OccupyForum presents . . . September 11th, Mass Surveillance, and Edward Snowden’s Revelations

Note: Starts at 6:45 pm

OccupyForum presents…

Monday, September 11th, 2017 from 6:45 – 9 pm at the Black and Brown Social Club

474 Valencia between 15th and 16th Street near 16th Street BART

Information, discussion & community! Monday Night Forum!!

OccupyForum is an opportunity for open and respectful dialogue

on all sides of these critically important issues! 

September 11th, Mass Surveillance,

and Edward Snowden’s Revelations

Join us at OccupyForum for films Citizen4 and/or Snowden

Edward Joseph Snowden is an American computer professional, former Central Intelligence Agency employee, and former contractor for the United States government who copied and leaked classified information from the National Security Agency (NSA) in 2013 without authorization. His disclosures revealed numerous global surveillanceprograms, many run by the NSA and the Five Eyes Intelligence Alliance with the cooperation of telecommunication companies and European governments. The massive extent of the NSA’s spying, both foreign and domestic, was revealed to the public in a series of detailed disclosures of internal NSA documents beginning in June 2013. Most of the disclosures were leaked by Snowden.

On May 20, 2013, Snowden flew to Hong Kong after leaving his job at an NSA facility in Hawaii, and revealed thousands of classified NSA documents to journalists Glenn GreenwaldLaura Poitras, and Ewen MacAskill. Snowden came to international attention after stories based on the material appeared in The Guardian and The Washington Post. Further disclosures were made by other publications including Der Spiegel and The New York Times. Snowden’s identity was made public by The Guardian at his request on June 9, 2013. He explained: “I have no intention of hiding who I am because I know I have done nothing wrong.” He added that by revealing his identity he hoped to protect his colleagues from being subjected to a hunt to determine who had been responsible for the leaks. Snowden has said that in the past, whistleblowers had been “destroyed by the experience,” and that he wanted to “embolden others to step forward” by demonstrating that “they can win.”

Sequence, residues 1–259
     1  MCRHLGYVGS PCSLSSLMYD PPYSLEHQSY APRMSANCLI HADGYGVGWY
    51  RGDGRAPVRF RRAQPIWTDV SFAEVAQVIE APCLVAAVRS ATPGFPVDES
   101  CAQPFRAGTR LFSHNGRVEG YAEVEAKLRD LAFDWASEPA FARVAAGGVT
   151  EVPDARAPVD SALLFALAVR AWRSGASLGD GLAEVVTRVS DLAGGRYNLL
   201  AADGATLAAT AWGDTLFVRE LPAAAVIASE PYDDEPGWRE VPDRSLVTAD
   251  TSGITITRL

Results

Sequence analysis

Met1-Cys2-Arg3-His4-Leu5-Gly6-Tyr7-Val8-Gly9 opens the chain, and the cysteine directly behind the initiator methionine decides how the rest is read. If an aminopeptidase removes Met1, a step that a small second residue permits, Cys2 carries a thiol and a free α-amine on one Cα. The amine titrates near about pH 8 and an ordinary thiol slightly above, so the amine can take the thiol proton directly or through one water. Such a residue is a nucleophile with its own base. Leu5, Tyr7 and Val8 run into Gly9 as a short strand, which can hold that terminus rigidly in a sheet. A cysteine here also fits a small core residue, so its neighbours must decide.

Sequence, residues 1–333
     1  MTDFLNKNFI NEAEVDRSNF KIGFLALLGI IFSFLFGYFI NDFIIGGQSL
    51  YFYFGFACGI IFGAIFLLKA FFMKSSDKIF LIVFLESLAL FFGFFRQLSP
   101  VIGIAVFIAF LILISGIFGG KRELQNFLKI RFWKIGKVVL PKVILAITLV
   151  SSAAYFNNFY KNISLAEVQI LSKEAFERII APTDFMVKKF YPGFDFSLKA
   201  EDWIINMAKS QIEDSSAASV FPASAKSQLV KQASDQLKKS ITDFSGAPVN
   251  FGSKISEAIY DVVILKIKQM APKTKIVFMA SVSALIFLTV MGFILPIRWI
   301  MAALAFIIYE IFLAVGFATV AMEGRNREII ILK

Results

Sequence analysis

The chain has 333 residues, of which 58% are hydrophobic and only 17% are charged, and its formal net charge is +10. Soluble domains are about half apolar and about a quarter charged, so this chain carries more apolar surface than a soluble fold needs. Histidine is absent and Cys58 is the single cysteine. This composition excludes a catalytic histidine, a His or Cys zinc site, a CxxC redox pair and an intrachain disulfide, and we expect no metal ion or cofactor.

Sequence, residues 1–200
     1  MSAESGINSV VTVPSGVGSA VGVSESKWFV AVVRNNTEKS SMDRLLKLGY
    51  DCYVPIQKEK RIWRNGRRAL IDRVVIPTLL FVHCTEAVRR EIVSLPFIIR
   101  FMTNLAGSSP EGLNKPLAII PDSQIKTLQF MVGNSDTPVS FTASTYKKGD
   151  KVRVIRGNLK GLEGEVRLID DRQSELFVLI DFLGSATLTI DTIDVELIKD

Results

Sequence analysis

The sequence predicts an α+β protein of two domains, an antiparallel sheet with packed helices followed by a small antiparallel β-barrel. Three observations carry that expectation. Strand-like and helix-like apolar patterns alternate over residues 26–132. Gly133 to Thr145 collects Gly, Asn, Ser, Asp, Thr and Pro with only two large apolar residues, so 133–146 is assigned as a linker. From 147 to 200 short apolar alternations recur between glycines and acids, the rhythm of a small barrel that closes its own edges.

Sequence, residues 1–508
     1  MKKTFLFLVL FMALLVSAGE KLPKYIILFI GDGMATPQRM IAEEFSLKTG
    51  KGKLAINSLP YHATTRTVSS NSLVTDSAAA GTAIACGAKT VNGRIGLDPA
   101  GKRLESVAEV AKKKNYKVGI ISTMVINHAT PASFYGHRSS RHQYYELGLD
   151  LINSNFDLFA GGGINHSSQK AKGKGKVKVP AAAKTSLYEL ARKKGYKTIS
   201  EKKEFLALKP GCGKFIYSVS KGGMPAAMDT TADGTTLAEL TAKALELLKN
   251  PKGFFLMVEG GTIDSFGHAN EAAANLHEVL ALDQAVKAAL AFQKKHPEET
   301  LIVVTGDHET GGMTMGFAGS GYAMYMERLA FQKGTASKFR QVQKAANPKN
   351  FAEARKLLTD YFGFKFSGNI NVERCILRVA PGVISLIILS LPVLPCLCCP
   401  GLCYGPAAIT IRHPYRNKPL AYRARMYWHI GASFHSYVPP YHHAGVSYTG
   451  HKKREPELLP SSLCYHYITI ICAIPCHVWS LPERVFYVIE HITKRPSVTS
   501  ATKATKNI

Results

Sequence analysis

Concerning the 9/11 terrorist attacks and the ensuing hyper-surveillance of the American populace, Snowden said,

“What the 9/11 Commission found, in the post-mortem, when they looked at all of the classified intelligence from all of the different intelligence agencies, was that we had all of the information we needed as an intelligence community, as a classified sector, as the national defense of the United States to detect this plot. We actually had records of the phone calls from the United States and out. The CIA knew who these guys were. The problem was not that we weren’t collecting information, it wasn’t that we didn’t have enough dots, it wasn’t that we didn’t have a haystack, it was that we did not understand the haystack that we had.”

It’s disingenuous for the government to …exploit the national trauma that we all suffered together…  to justify programs that have never been shown to keep us safe, but cost us liberties and freedoms that we don’t need to give up and our Constitution says we don’t need to give up.”

A subject of controversy, Snowden has been variously called a hero, a whistleblower, a dissident, a traitor and a patriot. His disclosures have fueled debates over mass surveillancegovernment secrecy, and the balance between national security and information privacy.